The lesson here: The more we work together, the better. Plus, your community will be grateful for fresh additions to your schedule.

Offer rewards for social media challenges

Up your challenge game, and promote safe social distancing, by asking clients to post photos of themselves doing workouts, a movement of the day, or making a healthy recipe at home. Encourage participation with prizes like branded swag or gift cards to local businesses. VYB Studio in Durham, North Carolina, created their own NamaSTAY at-home yoga challenge, giving participants a chance to win free, branded swag in exchange for posting yoga poses on Instagram.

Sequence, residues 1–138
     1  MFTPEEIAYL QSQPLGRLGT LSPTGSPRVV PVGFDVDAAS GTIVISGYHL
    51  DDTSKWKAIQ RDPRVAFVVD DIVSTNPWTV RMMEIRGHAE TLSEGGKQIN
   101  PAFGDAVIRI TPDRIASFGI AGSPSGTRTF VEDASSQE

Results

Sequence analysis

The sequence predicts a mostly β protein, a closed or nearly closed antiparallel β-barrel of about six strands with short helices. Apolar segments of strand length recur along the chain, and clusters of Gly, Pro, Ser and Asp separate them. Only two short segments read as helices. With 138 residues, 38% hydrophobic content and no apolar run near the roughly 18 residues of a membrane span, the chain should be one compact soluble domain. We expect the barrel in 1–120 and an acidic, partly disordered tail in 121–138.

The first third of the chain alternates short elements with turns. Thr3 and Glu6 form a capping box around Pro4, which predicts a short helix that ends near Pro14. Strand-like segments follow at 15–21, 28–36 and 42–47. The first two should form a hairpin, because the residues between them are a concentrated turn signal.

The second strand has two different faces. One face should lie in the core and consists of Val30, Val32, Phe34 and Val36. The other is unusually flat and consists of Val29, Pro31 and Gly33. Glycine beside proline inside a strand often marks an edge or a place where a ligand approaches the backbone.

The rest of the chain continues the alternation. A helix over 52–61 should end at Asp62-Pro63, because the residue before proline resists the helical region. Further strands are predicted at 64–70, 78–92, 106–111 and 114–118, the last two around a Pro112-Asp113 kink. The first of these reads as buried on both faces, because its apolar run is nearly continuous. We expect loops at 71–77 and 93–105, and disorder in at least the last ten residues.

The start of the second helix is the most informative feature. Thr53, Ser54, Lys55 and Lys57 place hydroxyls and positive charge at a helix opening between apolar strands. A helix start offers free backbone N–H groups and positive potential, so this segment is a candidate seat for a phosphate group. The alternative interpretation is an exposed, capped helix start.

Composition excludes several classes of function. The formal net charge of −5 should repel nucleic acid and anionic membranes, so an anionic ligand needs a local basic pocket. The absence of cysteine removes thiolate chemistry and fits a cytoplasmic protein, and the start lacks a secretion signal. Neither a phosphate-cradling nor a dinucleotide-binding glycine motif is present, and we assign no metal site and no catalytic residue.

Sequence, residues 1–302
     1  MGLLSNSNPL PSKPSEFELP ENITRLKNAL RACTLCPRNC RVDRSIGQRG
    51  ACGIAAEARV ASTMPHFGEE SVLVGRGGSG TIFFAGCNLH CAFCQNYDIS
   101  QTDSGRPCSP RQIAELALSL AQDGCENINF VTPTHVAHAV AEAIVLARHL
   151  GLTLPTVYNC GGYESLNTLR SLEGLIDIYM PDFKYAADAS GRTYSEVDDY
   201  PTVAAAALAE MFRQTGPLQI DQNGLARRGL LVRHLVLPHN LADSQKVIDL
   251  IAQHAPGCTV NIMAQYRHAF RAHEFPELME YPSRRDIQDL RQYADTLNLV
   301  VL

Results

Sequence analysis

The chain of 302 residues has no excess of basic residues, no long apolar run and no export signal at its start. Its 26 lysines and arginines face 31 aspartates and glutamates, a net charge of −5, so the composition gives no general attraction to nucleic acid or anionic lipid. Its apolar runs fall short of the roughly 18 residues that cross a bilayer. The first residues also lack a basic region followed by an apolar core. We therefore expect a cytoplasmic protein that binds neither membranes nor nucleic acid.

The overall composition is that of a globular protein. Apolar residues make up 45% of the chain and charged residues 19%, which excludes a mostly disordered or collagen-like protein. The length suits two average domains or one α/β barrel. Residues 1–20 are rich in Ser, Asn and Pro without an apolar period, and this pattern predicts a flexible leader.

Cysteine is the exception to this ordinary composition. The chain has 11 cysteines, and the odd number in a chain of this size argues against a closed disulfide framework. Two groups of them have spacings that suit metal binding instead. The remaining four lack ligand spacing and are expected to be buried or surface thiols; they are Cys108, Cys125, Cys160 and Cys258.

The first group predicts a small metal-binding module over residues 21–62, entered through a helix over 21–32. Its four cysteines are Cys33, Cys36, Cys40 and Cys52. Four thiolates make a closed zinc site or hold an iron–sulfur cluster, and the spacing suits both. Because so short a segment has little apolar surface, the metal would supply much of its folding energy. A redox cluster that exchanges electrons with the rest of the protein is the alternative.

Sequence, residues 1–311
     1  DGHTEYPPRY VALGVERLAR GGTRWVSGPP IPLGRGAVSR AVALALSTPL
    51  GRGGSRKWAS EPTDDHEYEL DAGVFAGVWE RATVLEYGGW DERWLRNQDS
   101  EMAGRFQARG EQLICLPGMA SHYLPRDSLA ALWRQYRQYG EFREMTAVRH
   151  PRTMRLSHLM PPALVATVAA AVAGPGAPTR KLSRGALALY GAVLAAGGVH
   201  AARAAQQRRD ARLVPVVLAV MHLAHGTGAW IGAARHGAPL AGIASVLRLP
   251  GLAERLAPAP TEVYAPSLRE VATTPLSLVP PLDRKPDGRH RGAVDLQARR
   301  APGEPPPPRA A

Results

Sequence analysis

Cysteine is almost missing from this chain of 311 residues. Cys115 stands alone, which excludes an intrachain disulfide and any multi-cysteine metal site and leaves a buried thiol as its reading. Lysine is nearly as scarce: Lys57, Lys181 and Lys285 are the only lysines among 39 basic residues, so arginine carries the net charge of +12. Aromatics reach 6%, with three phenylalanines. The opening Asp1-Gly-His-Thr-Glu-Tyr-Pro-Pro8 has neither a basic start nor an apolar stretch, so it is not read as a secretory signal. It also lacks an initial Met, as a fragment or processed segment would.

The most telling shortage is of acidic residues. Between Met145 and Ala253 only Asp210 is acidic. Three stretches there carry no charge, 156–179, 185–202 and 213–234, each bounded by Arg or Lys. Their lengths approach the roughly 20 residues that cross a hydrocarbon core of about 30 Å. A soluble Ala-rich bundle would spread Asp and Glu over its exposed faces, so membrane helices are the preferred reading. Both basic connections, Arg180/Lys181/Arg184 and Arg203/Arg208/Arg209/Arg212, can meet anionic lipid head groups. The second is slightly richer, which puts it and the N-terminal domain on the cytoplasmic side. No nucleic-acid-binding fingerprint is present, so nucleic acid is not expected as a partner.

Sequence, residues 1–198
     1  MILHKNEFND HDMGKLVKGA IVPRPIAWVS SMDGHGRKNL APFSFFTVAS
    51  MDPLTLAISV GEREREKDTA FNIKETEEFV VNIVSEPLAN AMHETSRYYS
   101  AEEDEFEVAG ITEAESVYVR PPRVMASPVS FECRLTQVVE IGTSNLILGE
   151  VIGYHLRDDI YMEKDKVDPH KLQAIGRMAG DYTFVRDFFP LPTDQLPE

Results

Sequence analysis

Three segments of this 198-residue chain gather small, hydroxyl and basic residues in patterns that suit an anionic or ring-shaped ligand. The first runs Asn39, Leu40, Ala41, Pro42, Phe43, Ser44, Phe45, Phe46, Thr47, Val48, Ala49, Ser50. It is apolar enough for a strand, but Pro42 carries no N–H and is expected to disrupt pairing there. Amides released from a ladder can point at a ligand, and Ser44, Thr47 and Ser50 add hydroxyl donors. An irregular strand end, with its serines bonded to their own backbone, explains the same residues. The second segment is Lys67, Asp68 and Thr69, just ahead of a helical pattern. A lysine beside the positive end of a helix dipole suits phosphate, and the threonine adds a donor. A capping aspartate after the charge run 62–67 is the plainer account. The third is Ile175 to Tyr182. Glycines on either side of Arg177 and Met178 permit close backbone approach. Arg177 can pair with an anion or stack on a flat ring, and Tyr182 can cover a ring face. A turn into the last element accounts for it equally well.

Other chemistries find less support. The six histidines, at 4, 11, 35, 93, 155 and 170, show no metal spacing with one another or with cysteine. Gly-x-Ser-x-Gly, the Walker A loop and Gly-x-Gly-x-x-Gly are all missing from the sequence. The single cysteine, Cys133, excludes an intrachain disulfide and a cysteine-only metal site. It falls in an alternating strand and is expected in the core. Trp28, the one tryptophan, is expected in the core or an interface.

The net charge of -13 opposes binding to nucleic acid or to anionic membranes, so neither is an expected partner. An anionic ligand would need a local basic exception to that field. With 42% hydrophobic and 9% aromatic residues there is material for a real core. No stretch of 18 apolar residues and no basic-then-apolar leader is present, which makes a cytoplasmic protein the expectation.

Another idea that works whether your physical studio is open or closed—create an attendance bingo challenge. The best part is, depending on your current offering and capacity, you can encourage clients to mix up their schedules to suit your business needs. Want to encourage virtual attendance? Add more bingo squares for virtual. Want clients to try a specific in-person class or instructor? Add more bingo squares for those. 

Host virtual workshops

Regardless of your open/closed status, a virtual workshop is a chance to both engage with clients and educate on topics you aren’t normally able to cover in class. Plus, it's the safest way to host an event right now.